1. effects are difficult to , analgesic, repiratory, psychomotor, and miotic effects of codeine are incrases markedly by the CYP2D6 in this type of reaction
  2. allergic reactions offectying skin causes erythematous, wheal-and-flare reaction; ingestion can cause cramping, vomitting, and diarrhea; if drug is put in skin, urticaria (hives and rash) may show; allergic rhinitis, and allergic asthma are clinical manifestations of what?
    type B - type I hypersensitivity reaction
  3. hypotension as a result of vasodilation leading to shock, followed by bronchodilation, asphyxiation, and respiratory collapse are clinical manifestation of what?
    anaphylaxis - type I hypersensitivity reaction
  4. fever, urticaria, swelling of the face and feet, lymphadenopathy, and arthralia; also, drug-induced hemolytic anemia which may cause jaundice; are clinical manifestations of what?
    type II (cytotoxic) hypersensitivity reaction
  5. produce either a localized or systemic complication; formation of thrombi and occluded arterioles leading to - redness, edema, hemorrhage, and ischemic necrosis of tissue; are clinical manifestations of what?
    Type III (immune-complex) hypersensitivity reaction
  6. within 24 to 48 hours of contact with an allergen, the pt develops symptoms such as fever, malaise, erythema, rash, tiny vesicular lesions, and edema in target tissues, with repeated exposure to the antigenic challenge, the response becomes more profound; are clinical manifestations of what?
    type IV (delayed) hypersensitivity reactions
  7. clinical manifestations are similar to allergic reactions, angioedema, asthma, and hives can develop in this type of reaction
    pseudoallergic reaction
  8. The clinical apperance of __________ is indistinguishable from oral lichen planus (LP). reactions most often affect the buccal mucosa, gingivae, and lateral borders of the ongue and may be reticular, erythematous, or atrophic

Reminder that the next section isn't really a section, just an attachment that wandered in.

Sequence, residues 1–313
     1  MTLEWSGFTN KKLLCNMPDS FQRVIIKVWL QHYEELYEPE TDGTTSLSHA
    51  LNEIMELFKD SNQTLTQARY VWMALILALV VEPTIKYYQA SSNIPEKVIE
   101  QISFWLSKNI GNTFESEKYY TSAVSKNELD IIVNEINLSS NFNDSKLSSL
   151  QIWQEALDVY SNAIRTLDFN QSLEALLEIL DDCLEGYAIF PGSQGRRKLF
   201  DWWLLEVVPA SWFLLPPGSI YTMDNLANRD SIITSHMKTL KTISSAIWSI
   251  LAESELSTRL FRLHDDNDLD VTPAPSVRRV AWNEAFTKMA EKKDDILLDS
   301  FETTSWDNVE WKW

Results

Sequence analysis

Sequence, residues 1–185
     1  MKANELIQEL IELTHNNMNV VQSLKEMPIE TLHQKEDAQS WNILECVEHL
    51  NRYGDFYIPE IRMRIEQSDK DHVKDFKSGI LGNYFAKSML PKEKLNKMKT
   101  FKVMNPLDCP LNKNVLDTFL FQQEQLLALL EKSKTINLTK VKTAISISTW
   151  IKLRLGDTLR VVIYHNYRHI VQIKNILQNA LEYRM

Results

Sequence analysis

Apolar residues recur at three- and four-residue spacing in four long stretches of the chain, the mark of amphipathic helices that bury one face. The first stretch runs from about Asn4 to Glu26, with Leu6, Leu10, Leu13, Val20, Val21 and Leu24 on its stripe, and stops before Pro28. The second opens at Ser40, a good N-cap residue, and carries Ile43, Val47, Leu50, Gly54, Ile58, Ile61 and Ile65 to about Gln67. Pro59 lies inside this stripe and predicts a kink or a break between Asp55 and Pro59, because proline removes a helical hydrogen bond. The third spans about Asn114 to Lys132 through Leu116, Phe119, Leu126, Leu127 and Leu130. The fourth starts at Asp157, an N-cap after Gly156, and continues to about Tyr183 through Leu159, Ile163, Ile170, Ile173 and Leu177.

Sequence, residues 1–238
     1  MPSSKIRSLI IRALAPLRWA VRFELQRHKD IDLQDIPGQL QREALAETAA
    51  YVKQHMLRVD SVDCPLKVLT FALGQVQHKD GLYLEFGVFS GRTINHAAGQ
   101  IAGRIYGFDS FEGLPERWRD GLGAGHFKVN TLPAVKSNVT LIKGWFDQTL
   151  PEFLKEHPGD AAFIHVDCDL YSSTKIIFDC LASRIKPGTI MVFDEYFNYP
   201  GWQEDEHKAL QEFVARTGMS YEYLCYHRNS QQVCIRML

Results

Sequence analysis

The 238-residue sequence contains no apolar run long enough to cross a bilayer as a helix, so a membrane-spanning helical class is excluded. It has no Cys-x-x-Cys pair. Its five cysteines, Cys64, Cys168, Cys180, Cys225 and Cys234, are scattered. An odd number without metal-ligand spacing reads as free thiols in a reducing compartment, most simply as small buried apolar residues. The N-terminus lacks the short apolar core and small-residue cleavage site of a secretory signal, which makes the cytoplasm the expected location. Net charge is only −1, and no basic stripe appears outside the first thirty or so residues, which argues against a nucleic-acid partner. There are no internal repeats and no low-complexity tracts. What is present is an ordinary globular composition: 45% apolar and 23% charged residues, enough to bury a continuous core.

lichenoid stomatitis (type-B reaction)
  9. an acute, frequently recurrent mucocutaneous vesiculobullous erosive disorder; the occurrence is a self-limiting process, and the severity varies from mild, to moderate, to potentially fatal.
    • Erythema multiforme
    • stevens-johnsons syndrome
  10. What is stevens-johnson syndrome?
    the fatal stage of erythema multiforme
  11. What are some oral clinical manifestations of erythema multiforme and steven-johnson syndrome?
    • labile (unattached) mucosal tissues predominate
    • hemorrhagic crusting of the lips is highly characteristic
    • mucosal lesions tend to appear abruptly and manifest as paiful ulcerations and erosions
  12. clinical manifestations including altered growth (terata), growth retardation, developmental impairments, and/or death of fetus are result of what?
    teratogenic effects
  13. What are the most frequent ADEs to develop following therapeutic immunosuppression?
    skin and lip malignancies
  14. What is the percentage of clients who have had organ transplants getting lip cancer?
  15. What is the average age of pts that have recieved immunosuppression and gotten lip cancer?
  16. kaposi Sarcoma is a condition often seen in patients who have what?
  17. The incidence of Kaposi sarcoma following therapeutic recipients is what percent?
  18. Lymphoproliferative disease, hodgkin and non-hodgkin lymphoma, leiomyoma, leiomyosarcoma, and spindle-cell sarcoma, are all conditions that have been associated with what?
    therapeutic immunosuppression in solid organ transplant recipients
  19. What are the 5 steps to the diagnosis of ADEs?
    • identify drugs taken
    • verify that the onset of symptoms was after the drug was taken
    • determine the time interval between when the drug was taken and when ADEs showed
    • stop drug therapy and monitor pts status
    • if appropriate, restart drug therapy and monitor for recurrence of ADEs
Card Set
week five